How did you get to where you are today and what first attracted you to a career in science?
I first did biology at Pembroke College, Oxford and loved it. I remember going to a lecture about a parasite called Toxoplasma that totally reverses a rat’s natural fear of cats, ultimately making them attracted to the cats so that they are more easily caught and eaten. The parasite can then complete its life cycle (the fatal feline attraction!). I just remember thinking wow, that’s so cool. The same parasite has since been linked to schizophrenia and an increased risk of car crashes in people.
After University, I did some research on the effects of schizophrenia drugs on these parasites. Since, I’ve worked on a several diseases mainly affecting some of the world’s most poverty-stricken areas. During my PhD I worked on bilharzia in Uganda, a devastating infection that reduces physical and cognitive development in children and can kill later in life. After 4 years researching a disease called onchocerciasis (river blindness) in Ghana, I returned to Uganda on a competitively funded fellowship, then my current European funding, and my lectureship in Glasgow.
You specialise in neglected tropical diseases (NTDs) – can you tell us a bit more about the work you do?
Everyone has heard of malaria, HIV and TB, yet neglected tropical diseases (NTDs) cause the same amount of illness worldwide but are often unknown. The difference is that for most of the NTDs, it’s all about how heavily infected you are. You must be repeatedly exposed to be ill and therefore lots of travellers just aren’t endangered by them; they are diseases of poverty often linked to a lack of clean water, sanitation and hygiene.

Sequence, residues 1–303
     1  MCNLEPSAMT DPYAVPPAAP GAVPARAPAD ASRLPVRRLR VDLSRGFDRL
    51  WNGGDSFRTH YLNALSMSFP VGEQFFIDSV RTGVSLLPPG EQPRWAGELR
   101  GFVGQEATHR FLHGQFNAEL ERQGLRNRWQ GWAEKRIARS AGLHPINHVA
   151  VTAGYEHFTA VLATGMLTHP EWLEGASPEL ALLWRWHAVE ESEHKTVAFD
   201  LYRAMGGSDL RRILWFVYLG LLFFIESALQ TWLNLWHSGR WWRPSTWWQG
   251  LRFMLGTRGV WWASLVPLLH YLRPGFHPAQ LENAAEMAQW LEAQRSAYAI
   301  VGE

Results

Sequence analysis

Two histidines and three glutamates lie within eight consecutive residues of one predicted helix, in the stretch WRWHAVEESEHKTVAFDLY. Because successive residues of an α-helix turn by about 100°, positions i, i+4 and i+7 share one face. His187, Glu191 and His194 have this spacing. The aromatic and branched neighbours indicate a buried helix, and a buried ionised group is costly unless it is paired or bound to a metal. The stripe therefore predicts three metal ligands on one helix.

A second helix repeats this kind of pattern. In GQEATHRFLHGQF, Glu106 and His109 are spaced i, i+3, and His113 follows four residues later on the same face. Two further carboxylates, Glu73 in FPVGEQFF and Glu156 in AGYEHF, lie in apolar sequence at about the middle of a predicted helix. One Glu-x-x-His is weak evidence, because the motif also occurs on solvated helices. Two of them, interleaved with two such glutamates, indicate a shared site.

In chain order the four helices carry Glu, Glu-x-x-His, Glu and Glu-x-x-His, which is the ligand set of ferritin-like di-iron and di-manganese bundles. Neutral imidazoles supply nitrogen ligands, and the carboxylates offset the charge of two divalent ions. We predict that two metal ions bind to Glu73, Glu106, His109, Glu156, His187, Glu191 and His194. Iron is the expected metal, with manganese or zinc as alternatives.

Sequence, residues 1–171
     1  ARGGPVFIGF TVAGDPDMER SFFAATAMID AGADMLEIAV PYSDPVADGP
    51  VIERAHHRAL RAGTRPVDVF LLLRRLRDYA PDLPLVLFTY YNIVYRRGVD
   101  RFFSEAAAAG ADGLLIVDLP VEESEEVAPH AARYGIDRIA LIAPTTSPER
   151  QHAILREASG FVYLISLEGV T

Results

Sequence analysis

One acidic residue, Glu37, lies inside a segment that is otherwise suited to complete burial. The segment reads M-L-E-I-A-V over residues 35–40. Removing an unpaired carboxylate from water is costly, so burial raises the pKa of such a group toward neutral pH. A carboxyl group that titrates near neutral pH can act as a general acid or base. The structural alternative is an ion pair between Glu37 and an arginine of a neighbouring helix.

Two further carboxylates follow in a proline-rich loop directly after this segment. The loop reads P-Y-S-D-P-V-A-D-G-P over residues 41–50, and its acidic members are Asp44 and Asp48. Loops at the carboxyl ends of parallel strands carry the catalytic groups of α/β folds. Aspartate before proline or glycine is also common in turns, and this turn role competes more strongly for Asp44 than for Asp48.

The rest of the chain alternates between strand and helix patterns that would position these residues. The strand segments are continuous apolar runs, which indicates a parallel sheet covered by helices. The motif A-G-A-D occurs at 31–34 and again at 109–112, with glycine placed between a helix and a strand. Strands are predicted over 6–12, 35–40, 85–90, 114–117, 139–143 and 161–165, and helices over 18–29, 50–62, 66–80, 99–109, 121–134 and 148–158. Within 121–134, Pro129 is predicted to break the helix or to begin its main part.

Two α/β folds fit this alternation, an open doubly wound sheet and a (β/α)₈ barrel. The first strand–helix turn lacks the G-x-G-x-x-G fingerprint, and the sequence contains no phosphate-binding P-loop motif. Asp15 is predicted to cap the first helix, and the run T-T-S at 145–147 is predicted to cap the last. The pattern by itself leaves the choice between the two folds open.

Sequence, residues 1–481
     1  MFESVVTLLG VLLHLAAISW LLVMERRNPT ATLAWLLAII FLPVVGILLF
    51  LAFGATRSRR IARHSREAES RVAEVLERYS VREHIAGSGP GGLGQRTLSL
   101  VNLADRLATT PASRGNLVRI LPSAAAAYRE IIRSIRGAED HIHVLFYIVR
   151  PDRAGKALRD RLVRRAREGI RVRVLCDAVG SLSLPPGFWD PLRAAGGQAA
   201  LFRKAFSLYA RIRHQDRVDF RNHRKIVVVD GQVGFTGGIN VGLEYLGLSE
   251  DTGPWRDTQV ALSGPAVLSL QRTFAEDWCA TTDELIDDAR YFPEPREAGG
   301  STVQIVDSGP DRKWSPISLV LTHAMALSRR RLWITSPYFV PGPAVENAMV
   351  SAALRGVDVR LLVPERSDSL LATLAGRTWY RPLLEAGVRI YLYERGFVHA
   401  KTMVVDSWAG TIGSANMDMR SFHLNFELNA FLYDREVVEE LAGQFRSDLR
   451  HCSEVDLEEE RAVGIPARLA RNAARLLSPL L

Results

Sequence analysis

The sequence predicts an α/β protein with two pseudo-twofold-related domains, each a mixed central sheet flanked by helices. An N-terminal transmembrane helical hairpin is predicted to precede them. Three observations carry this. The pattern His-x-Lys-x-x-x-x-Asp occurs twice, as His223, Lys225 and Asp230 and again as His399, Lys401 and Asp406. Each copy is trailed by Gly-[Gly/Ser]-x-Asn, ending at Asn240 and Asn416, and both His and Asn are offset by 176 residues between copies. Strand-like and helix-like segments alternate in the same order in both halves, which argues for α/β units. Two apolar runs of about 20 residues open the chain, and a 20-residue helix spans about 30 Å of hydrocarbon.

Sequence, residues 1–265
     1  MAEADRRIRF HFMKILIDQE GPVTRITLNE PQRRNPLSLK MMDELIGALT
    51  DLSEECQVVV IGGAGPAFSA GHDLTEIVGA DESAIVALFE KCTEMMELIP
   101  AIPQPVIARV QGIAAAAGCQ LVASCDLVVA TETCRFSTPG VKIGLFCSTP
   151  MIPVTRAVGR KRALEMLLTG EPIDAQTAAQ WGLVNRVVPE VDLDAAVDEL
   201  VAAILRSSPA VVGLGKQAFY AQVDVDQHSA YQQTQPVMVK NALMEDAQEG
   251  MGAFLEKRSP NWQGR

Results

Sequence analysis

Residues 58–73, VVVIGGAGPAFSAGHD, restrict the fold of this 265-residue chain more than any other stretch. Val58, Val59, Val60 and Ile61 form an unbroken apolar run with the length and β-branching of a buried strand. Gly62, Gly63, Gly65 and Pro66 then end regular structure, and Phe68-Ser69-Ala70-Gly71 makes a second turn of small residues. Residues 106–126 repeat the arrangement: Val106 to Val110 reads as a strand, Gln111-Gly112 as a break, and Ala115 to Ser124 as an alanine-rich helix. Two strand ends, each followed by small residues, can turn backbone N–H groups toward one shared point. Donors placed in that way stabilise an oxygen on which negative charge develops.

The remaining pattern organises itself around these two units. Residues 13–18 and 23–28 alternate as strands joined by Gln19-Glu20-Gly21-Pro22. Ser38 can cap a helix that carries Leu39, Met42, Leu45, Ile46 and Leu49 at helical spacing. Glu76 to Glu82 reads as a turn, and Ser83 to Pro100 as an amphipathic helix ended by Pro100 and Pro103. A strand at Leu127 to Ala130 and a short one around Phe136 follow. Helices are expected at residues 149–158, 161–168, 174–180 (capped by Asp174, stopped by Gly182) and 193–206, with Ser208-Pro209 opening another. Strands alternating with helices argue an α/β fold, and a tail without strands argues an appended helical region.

When I applied for a PhD at Imperial College London, the Bill and Melinda Gates Foundation had just donated $30 million to help control an NTD called bilharzia through mass drug administration. I instantly wanted to work alongside the project, looking at the effect of these treatments and potential drug resistance. I had done my undergraduate project in this disease and was shocked by how many people had it, but how few people knew about it. It was such an exciting new area, which the millennium development goals had really brought to the forefront of the global health community. I just wanted to be involved and help where I could.
“I’ve got to where I am today through hard work, being open to researching new ideas, and most importantly, loving what I do.”
Why should more girls choose science?
Science has so many exciting angles that I find it disappointing that a lot of the younger generation, not just girls, are put off in schools. I think the current school curriculum focuses too heavily on the historical side of science, whereas a career in science is all about learning new things and pushing the boundaries of our knowledge.
Most importantly, as you progress through a career in science, you get to write your own job description by applying for funding to work on whatever you find the most interesting; surely that alone should appeal to boys and girls alike.
I’ll do all that I can to help inspire and support the next generation of scientists, I certainly don’t know anyone who has ever regretted choosing science, and that includes all the girls. So hopefully I can continue to encourage them over the years (and if anyone has children who want to do work experience, then they should get in touch!)
What is it that makes you get out of bed each morning and drives you to do what you do?
I’m terrible at getting up in the morning! But I certainly love going to work each day once I’m up! I’m mostly driven by helping others, whilst being fascinated by what I do on a daily basis. I love the fact that every day is different and that I’m never bored. I love seeing a project through, right from the infected children in Uganda to helping inform global policy at the World Health Organisation.
What has been your greatest achievement to date?
A couple of years ago I was shortlisted for a Women of the Future award, which even though I didn’t win, was an amazing experience. It was wonderful to have been nominated and go to the award ceremony with some of the most inspirational women I’ve ever met.